Tricuspid Atresia

What is Tricuspid Atresia ?

Tricuspid Atresia is a type of congenital heart defect, meaning it is there before birth. It involves the tricuspid valve, which is the valve that allows blood to flow from the right atrium into the right ventricle. Atresia means the absence or abnormal narrowing of a natural opening in the body.

Tricuspid Atresia is a single ventricle condition.

Blood normally returns to the heart from the body into the right atrium where it then crosses the tricuspid valve into the right ventricle and is pumped to the lungs to collect oxygen. Those with Tricuspid Atresia have a tricuspid valve that has not developed properly. This means that blood cannot flow from the right atrium into the right ventricle. 

Growth and development of the ventricles is helped by blood flowing through them and because blood cannot flow through the tricuspid valve, the right ventricle remains small. 

Babies with Tricuspid Atresia are often born with a hole between the ventricles (VSD). This means that some blood can flow through the hole between the left and right ventricle for the blood to be pumped to the lungs through the pulmonary artery.

They can also receive blood to the lungs through a small blood vessel called the ductus arteriosus. During pregnancy, this structure connects the pulmonary artery to the aorta. Shortly after birth, this vessel usually closes on its own.

  1. Tricuspid atresia
  2. Atrial septal defect
  3. Hypoplastic right ventricle
  4. Ventricular septal defect

How can it be spotted?

Tricuspid Atresia can be detected at the 20 week anatomy scan or after birth by echocardiogram.

If it is not picked up in the antenatal period, once the baby is born it will display the following signs:

If Tricuspid Atresia is diagnosed during the pregnancy, plans can be made to give the baby a medicine at birth called prostaglandin which keeps the ductus arteriosus open until the baby can have surgery. 

In most cases, children with Tricuspid Atresia require intensive medical intervention soon after birth. 

How can it be treated?

Immediate treatment will be gaining intravenous access after birth and the medicine prostaglandin started to keep the duct open. This will enable blood to reach the body until surgery can take place.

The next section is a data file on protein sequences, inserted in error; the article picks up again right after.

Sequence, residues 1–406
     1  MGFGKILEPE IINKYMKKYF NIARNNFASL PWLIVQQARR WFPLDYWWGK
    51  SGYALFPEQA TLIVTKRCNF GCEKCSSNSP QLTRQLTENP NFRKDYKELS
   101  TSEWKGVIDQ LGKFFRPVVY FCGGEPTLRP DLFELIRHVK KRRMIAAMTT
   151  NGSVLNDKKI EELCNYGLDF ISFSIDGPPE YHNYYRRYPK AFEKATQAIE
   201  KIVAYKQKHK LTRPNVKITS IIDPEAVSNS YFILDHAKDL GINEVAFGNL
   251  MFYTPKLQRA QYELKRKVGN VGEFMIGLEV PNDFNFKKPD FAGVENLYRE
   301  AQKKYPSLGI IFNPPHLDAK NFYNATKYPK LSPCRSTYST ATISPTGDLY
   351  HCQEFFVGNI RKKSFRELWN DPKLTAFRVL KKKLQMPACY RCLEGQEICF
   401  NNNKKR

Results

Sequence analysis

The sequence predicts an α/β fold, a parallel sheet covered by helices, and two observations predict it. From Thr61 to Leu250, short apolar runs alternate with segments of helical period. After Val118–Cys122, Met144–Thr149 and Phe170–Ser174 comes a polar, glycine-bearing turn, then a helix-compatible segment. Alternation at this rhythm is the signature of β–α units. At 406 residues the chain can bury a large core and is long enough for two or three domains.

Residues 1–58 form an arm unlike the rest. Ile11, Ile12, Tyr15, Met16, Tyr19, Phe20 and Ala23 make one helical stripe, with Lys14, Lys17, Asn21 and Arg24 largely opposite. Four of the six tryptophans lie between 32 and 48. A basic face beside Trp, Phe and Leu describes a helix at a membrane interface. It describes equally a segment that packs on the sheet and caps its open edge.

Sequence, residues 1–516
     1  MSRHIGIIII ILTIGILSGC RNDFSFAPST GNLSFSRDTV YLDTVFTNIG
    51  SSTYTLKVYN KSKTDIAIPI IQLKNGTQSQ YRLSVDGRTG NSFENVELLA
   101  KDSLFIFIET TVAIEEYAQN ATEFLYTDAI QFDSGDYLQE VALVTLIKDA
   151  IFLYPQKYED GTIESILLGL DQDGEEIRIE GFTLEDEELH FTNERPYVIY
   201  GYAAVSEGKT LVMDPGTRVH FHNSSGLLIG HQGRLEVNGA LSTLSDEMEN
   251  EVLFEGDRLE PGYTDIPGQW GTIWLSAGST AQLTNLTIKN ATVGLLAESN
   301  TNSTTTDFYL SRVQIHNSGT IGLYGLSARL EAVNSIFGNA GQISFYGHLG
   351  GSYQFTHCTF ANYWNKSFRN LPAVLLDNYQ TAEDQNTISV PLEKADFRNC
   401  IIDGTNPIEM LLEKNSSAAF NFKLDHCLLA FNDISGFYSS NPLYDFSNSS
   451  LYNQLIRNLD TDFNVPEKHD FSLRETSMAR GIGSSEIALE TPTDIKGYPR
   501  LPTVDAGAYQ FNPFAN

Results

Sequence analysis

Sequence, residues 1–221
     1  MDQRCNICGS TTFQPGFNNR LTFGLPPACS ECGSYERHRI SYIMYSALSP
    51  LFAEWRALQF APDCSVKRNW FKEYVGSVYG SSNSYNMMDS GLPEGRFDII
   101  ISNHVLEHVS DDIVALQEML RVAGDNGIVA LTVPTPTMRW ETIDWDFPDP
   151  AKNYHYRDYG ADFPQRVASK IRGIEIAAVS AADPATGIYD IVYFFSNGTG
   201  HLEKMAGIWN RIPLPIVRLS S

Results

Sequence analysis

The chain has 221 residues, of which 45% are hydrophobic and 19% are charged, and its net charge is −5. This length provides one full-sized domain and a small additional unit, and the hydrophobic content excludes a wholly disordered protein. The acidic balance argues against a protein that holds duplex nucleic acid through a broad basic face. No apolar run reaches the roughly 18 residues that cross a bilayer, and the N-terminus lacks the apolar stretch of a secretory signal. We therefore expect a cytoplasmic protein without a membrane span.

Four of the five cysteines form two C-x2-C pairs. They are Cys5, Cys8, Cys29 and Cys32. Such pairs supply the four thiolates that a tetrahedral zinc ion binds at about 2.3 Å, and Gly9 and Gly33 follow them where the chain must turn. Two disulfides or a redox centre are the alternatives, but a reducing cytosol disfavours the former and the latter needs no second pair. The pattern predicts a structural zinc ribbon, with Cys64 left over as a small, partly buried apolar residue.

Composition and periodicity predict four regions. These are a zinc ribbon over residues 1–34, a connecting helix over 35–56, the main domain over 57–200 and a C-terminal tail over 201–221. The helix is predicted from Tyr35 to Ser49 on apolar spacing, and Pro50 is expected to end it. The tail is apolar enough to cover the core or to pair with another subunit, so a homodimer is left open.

Normally several stages of surgery are required to balance and optimise blood flow to the lungs and the body.

The cardiologist will assess whether:

If there is too much blood flow to the lungs pulmonary banding will be needed to restrict this excessive flow.

If there is not enough blood flow to the lungs then a Modified BT shunt or a stent will be needed to increase the blood going to the lungs.

An atrial septostomy may be needed to create or enlarge the natural opening between the atria to allow more blood to flow from the right atrium to the left atrium.

Glenn procedure: This surgery is usually done when the baby is around 6 months of age and the surgeons direct the blood flow from the upper body to the pulmonary artery so that the blood can collect oxygen from the lungs without having to go through the heart.

Fontan procedure: This is the third surgery that is usually done when the child is 2 – 6 years old. The surgeons will now be separating the circulation so that no mixing of blood occurs. This also decreases the workload on the single ventricle. This procedure does not create a normal blood circulation in the body but it does improve the circulation.

General advice/info for the future

Babies and children with Tricuspid Atresia will need lifelong follow-up. Most will be on medicines for the rest of their lives.

They will need repeat tests like echocardiogram, ECG and sometimes cardiac Magnetic Resonance Imaging (MRI) scans. The aim of these tests is to monitor your child’s heart function so that any future heart problems are diagnosed and treated quickly. 

Your cardiologist will advise you about any restrictions on activity that you should be aware of. As complicated as these conditions are, children are encouraged to be as active as they possibly can be. They are encouraged to live as normal a life as they possibly can. As your baby will have had open heart surgery, they will have a scar down the middle of the chest, and there will be small scars where drain tubes were used, but these will fade over time.